TV REVIEW: Sky and the GAA

This TV Review first appeared in the Andersonstown News


Wasn’t Derry great last Saturday, beating Clare to get to the All-Ireland Football semi-final? Even if you weren’t an honorary Derry person like myself, you had to hand it to the Derry forwards for putting the ball in the Clare net within minutes of throw-in.  A few ghastly defensive errors aside, they dazzled throughout the game and won comfortably.


And last Sunday Armagh’s comeback in the game’s dying seconds was superb, before that stupid brawl and that even stupider penalty shoot-out. For once I agreed with Pat Spillane: the game deserved a replay.


I watched the Saturday game on Sky, the Sunday one on RTÉ. Does that matter? Well, when you’re used to something, including Gaelic games exclusively on RTÉ, you instinctively resist change.


But my chief objection to watching GAA on Sky is that Sky – for which I’m paying a bloody fortune – is owned by Rupert Murdoch, and I wince with shame, that I’m putting more money into that ghastly mountebank’s pocket. Especially when chunks of games and even channels suddenly disappear, and the notice on the screen says there’s a fault with your satellite reception. Mmm. I pay Murdoch, he supplies the TV reception. So will Rupert compensate me for suddenly not getting the CNN channel, and for missing the Armagh-Galway punch-up?  Not a chance. And  if I don’t pay my full subscription to Rupert each month, you may be sure he’ll instantly cut off my Sky. No wonder  even Jerry Hall now realises that marrying the Flaky  One from Oz  was one of her poorer decisions.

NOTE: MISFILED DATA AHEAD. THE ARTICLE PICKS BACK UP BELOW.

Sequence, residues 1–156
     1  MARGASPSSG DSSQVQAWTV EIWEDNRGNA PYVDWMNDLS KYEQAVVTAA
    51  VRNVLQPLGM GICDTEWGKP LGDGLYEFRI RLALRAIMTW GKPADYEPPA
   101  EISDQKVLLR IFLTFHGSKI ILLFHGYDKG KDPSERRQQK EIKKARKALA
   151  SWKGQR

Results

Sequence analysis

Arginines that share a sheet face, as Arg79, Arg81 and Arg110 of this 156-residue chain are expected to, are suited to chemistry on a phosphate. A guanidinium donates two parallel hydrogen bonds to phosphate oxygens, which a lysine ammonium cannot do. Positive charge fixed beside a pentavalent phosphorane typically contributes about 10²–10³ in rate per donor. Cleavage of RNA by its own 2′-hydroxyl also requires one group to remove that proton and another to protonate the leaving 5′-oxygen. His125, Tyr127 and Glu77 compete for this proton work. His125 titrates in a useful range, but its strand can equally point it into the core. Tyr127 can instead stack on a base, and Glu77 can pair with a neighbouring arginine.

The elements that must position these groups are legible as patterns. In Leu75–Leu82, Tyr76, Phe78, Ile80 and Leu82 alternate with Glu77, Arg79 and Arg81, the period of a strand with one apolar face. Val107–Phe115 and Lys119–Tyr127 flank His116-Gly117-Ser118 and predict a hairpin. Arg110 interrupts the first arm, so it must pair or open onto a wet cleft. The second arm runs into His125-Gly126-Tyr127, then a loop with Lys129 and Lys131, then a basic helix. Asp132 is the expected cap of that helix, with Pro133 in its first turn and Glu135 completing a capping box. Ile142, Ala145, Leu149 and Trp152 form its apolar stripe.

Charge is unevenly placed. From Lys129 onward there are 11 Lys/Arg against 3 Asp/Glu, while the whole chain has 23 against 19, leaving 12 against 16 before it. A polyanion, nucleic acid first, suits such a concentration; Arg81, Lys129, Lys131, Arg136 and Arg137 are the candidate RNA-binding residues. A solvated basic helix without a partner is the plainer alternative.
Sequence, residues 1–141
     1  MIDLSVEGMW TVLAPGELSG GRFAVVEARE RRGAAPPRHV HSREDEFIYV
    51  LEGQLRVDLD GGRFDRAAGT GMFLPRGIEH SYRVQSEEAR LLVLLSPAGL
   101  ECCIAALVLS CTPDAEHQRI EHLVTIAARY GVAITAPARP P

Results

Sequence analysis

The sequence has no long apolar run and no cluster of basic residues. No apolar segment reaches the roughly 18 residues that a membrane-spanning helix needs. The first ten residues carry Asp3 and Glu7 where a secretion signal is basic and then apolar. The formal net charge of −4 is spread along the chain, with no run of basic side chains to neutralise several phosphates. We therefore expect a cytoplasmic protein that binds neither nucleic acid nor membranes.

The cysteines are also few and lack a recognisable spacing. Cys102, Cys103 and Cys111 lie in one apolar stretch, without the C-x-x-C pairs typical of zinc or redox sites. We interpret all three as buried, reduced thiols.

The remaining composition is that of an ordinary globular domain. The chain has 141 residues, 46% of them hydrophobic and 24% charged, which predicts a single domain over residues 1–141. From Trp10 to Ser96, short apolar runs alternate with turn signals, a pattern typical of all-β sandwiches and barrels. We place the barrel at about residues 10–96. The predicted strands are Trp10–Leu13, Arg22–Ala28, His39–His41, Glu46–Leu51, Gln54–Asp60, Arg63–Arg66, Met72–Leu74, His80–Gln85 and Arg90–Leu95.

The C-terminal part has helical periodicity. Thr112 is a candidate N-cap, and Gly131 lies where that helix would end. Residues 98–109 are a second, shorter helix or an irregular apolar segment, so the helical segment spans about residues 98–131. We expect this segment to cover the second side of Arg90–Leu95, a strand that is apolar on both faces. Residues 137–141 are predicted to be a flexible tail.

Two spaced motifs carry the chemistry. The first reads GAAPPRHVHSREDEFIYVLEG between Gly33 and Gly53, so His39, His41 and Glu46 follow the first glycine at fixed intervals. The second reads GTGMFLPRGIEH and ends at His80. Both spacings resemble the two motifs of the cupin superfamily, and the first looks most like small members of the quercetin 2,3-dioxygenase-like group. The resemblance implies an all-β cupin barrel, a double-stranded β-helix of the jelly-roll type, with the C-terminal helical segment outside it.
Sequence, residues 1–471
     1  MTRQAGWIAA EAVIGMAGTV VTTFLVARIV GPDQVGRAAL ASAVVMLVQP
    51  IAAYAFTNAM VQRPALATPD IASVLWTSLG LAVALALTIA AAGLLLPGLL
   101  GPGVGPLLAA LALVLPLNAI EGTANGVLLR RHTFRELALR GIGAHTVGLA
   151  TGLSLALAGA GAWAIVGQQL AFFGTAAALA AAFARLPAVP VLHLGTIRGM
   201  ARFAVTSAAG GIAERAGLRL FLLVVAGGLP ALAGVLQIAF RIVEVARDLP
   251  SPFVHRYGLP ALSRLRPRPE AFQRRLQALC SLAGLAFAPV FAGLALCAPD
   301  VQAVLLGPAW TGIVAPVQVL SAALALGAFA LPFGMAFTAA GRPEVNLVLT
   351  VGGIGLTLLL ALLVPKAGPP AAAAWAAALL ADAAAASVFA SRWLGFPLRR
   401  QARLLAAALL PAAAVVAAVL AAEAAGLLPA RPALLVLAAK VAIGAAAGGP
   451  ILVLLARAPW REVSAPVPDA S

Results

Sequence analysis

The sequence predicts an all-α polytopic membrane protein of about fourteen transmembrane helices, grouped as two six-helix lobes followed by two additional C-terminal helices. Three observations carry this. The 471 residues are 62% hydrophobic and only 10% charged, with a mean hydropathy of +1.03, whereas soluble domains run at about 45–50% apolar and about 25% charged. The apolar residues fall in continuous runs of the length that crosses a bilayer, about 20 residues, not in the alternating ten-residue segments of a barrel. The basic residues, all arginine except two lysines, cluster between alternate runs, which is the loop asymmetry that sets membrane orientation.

But back to the GAA and Sky. The GAA’s claim is that Sky makes it possible for GAA fans to watch Gaelic games no matter where they’re living in the world. That’s a strong argument: the interest in Gaelic games is strong and growing in the US, Australia, New Zealand – all sorts of places. So instead of cursing the GAA as some sort of sporting harlot, maybe I  should be grateful that they’ve done a deal. The power and glory of GAA games gets to people around the world, the GAA gets money out of the deal – it’s win-win.


And the punditry? The most notable change in GAA punditry on Sky and RTE is that the presenter very often  is a woman. Which is good, because there’s been a huge increase in recent years in the number of women watching and playing Gaelic sports. So of course female GAA presenters are a response to that.


But there’s a void. An emptiness. A vacuum. All during those games on Saturday and Sunday, I’m thinking “What would Brolly have said to that?”


 Without Brolly, Pat Spillane is the sound of one hand clapping.



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